Low Testosterone Marathon Runner Adopts Four Ethiopian Kids

Do low T levels lead to cuckservatism?

I finished five marathons when I was 11. I wonder if it led to my life of fatigue and low testosterone levels?

New York Times: Hall, 33, who was one of the last remaining hopes for an American front-runner in this summer’s Olympic marathon, is succumbing to chronically low testosterone levels and fatigue so extreme, he says, that he can barely log 12 easy miles a week….

Testosterone is vital for optimum athletic performance, but the hormone’s levels can drop over time with extreme training, similar to how some female runners or gymnasts experience decreased estrogen levels. Hall, who at 5-foot-10 kept his weight consistently at a spry 130 to 140 pounds, said he first learned of his low testosterone levels when he turned professional after college, and initially managed to hit top times nonetheless.

Supplemental testosterone is a banned substance, but Hall would be eligible for a medical waiver if he wanted to try to boost his levels. He said he has decided against that because of potential side effects (including dependency and infertility) and ethical concerns (some athletes use testosterone illicitly as a performance-enhancing drug). Natural remedies like the altering of his diet and lifting weights have not restored his strength, he said.

…Regardless, he was the rare American marathoner who challenged the sport’s dominant athletes from East Africa. His landmark time for an American runner was achieved in an uncommonly fast Boston Marathon field, leading most of the race at blistering speed until he was beaten at the end and finished fourth.

“I remember Wesley Korir telling me after that race that the Kenyans were afraid of me, and I thought that was ironic, I’d never heard of a Kenyan being afraid of a white person before in the race,” Hall said. “I think it showed the level of respect they have for me. I love that it ruffles feathers with them, but I don’t see any difference between them and me. White people can race Africans.”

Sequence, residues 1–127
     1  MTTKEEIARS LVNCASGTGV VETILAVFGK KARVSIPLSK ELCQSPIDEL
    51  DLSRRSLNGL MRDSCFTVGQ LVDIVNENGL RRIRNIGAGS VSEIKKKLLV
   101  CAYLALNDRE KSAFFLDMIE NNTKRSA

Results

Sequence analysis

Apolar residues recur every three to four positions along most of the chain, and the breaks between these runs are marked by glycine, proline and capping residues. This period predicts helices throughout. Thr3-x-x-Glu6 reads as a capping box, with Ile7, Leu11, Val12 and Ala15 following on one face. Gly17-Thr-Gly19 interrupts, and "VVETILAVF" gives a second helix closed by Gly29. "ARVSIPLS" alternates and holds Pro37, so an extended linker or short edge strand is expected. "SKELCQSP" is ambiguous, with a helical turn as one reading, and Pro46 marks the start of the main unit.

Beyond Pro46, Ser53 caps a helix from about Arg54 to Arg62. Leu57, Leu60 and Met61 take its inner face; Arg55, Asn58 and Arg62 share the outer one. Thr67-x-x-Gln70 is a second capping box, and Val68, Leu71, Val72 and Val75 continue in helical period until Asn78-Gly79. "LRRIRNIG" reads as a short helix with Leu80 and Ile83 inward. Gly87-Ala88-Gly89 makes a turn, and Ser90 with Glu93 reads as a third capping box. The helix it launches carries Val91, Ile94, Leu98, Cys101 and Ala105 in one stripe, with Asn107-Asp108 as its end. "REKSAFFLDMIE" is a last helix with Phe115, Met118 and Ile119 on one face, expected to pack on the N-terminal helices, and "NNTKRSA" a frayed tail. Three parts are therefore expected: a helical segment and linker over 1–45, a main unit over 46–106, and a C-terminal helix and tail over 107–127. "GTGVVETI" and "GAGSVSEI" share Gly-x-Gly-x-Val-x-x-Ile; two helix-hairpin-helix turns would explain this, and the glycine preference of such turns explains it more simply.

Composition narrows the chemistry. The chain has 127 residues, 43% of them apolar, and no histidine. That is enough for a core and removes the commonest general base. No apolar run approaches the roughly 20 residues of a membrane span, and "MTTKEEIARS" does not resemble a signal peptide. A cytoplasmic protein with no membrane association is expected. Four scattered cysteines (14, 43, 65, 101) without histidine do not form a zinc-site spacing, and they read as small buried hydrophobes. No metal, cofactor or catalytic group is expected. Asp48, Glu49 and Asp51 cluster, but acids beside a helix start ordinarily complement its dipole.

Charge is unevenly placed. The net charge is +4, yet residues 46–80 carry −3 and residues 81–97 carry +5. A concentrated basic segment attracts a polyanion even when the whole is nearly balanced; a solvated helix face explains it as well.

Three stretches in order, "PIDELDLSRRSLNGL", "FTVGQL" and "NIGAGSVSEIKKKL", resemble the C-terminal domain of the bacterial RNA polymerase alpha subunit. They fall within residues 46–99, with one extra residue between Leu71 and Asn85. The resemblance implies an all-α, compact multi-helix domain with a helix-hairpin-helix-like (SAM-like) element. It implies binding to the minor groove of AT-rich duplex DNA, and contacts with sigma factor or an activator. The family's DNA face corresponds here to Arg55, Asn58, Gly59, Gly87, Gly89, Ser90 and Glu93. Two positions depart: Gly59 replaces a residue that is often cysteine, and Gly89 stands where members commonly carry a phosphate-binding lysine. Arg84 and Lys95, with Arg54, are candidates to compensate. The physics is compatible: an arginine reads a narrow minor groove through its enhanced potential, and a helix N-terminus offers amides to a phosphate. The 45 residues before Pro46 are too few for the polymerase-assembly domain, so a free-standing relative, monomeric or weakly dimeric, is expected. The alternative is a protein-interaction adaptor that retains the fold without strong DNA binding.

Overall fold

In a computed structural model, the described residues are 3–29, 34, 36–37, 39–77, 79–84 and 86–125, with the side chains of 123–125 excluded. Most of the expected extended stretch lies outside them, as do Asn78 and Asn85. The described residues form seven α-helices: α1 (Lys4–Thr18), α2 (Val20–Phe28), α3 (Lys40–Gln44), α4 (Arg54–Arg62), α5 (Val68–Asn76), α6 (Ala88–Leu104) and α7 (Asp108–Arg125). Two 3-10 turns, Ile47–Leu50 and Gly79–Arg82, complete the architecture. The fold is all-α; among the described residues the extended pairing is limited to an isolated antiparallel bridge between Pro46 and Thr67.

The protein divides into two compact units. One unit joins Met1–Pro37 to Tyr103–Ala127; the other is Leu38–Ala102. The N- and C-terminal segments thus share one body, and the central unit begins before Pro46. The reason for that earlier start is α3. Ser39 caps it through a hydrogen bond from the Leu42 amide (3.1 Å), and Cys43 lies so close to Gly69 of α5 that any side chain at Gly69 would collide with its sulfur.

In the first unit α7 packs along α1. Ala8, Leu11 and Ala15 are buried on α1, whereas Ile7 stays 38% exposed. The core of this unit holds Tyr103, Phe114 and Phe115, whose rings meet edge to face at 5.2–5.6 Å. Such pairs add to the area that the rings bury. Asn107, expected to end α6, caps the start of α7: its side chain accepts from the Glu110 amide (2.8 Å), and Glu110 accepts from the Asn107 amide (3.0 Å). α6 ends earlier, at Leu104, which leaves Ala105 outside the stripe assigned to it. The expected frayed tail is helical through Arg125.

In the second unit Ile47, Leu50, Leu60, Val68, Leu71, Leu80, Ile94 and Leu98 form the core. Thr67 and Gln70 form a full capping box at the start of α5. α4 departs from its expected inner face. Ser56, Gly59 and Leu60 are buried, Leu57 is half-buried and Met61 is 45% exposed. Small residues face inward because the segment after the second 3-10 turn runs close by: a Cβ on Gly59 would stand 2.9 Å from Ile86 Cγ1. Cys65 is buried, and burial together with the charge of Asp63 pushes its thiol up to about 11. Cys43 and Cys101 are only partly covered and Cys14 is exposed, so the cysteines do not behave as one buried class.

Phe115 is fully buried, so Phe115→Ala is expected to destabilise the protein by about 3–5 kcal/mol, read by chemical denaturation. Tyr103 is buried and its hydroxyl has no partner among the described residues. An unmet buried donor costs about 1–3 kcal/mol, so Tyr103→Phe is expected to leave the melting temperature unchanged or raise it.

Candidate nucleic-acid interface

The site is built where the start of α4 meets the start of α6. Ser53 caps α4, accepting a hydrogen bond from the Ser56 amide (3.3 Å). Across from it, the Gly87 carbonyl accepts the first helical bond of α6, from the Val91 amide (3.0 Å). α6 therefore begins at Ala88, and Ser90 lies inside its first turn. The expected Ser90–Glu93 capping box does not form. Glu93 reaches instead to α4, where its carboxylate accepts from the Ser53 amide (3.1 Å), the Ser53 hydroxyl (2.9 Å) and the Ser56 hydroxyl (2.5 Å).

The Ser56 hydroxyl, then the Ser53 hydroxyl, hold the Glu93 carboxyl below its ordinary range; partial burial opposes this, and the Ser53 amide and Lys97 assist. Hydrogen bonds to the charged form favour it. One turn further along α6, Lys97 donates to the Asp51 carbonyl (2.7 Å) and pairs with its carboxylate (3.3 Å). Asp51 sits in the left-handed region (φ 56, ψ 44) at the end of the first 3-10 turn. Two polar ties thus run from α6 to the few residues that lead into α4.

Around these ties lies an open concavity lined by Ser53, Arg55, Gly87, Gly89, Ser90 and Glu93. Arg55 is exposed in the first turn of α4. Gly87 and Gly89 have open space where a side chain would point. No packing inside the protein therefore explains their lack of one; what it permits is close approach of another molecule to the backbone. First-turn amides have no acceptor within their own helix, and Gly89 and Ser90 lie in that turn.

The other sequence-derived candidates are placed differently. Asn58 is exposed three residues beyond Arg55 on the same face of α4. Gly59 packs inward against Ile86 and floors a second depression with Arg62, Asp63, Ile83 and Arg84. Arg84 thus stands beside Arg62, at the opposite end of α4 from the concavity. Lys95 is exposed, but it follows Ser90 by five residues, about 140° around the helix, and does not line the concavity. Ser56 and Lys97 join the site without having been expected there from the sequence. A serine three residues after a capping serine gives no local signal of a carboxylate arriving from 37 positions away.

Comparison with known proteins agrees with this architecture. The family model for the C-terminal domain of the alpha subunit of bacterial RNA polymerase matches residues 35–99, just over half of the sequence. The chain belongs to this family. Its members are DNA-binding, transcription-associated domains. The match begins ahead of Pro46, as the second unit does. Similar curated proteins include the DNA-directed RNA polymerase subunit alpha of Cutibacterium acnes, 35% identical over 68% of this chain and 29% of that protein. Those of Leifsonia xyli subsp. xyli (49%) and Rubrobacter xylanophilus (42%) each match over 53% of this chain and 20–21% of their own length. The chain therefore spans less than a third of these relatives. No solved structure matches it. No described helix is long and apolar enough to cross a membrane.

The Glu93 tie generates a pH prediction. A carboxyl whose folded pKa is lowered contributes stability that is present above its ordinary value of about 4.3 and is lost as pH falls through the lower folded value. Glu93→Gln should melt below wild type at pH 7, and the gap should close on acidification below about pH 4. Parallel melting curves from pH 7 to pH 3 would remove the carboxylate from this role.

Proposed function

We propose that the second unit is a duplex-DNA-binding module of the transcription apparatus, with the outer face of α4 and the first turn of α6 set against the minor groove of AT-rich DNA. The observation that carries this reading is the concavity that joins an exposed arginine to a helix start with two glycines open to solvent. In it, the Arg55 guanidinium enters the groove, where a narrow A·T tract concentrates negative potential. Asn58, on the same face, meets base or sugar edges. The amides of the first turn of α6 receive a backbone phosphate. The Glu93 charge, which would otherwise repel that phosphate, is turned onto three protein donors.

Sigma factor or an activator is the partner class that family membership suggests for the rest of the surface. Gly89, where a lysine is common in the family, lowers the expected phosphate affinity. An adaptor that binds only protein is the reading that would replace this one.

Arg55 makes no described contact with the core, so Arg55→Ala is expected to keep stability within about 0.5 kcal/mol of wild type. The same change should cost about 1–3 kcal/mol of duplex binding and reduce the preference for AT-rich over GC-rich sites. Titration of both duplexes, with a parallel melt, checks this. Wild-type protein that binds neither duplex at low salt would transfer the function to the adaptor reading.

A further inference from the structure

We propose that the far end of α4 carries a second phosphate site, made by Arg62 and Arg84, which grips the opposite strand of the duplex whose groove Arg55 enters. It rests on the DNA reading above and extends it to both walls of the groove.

…For the last five years, Hall has lived as an Olympian hermit, tucked away in a valley in the mountains of Northern California with his family, where they can be close to their church, a charismatic evangelical Christian fellowship. Still supported by Asics, he withdrew from formal coaching and team training altogether, beginning instead what he referred to as “faith-based training.”

…In October, the Halls adopted four sisters, ages 5 to 15, from an orphanage in Ethiopia, where they spent several months training last year. The girls did not speak English, so to prepare for the adoption the Halls took Amharic lessons, practicing the language with their Ethiopian running partners.

“We met them and fell in love, and decided to adopt all four girls in a week,” Sara said. “It was a step of faith. Not many kids get chosen by their parents, and older children have a difficult time finding homes — it’s even harder for them to stay together. We asked them if they wanted to join our family, and they all said yes.”

The Halls let the girls pick English names, then enrolled the children in a small Christian school and supplemented their education with home tutoring. The girls had been raised Protestant, and so were already in sync with the religious patterns of the Hall household. Sara said they wake up a half-hour before school to pray on their own, a practice they learned in the orphanage. “It’s crazy to me,” she said. “Sometimes I don’t even want to get up and do that.”

The girls already share their parents’ passion for Muscle Milk teff pancakes, made with a sponsor’s protein powder, an Ethiopian grain, baking powder and water. “They’re like a healthy brownie, a molten lava cake,” Hall said. “Every night when I go to bed I can’t wait to get up and have my pancake.”

Hall said fatherhood would be a major priority for him, along with volunteering for the Steps Foundation, which he started with Sara. But for now his main pursuit is coaching Sara, along with her other coach, Steve Magness, as she seeks her first Olympic spot at the marathon trials next month.

About Luke Ford

I've written five books (see Amazon.com). My work has been followed by the New York Times, the Los Angeles Times, and 60 Minutes. I teach Alexander Technique in Beverly Hills (Alexander90210.com).
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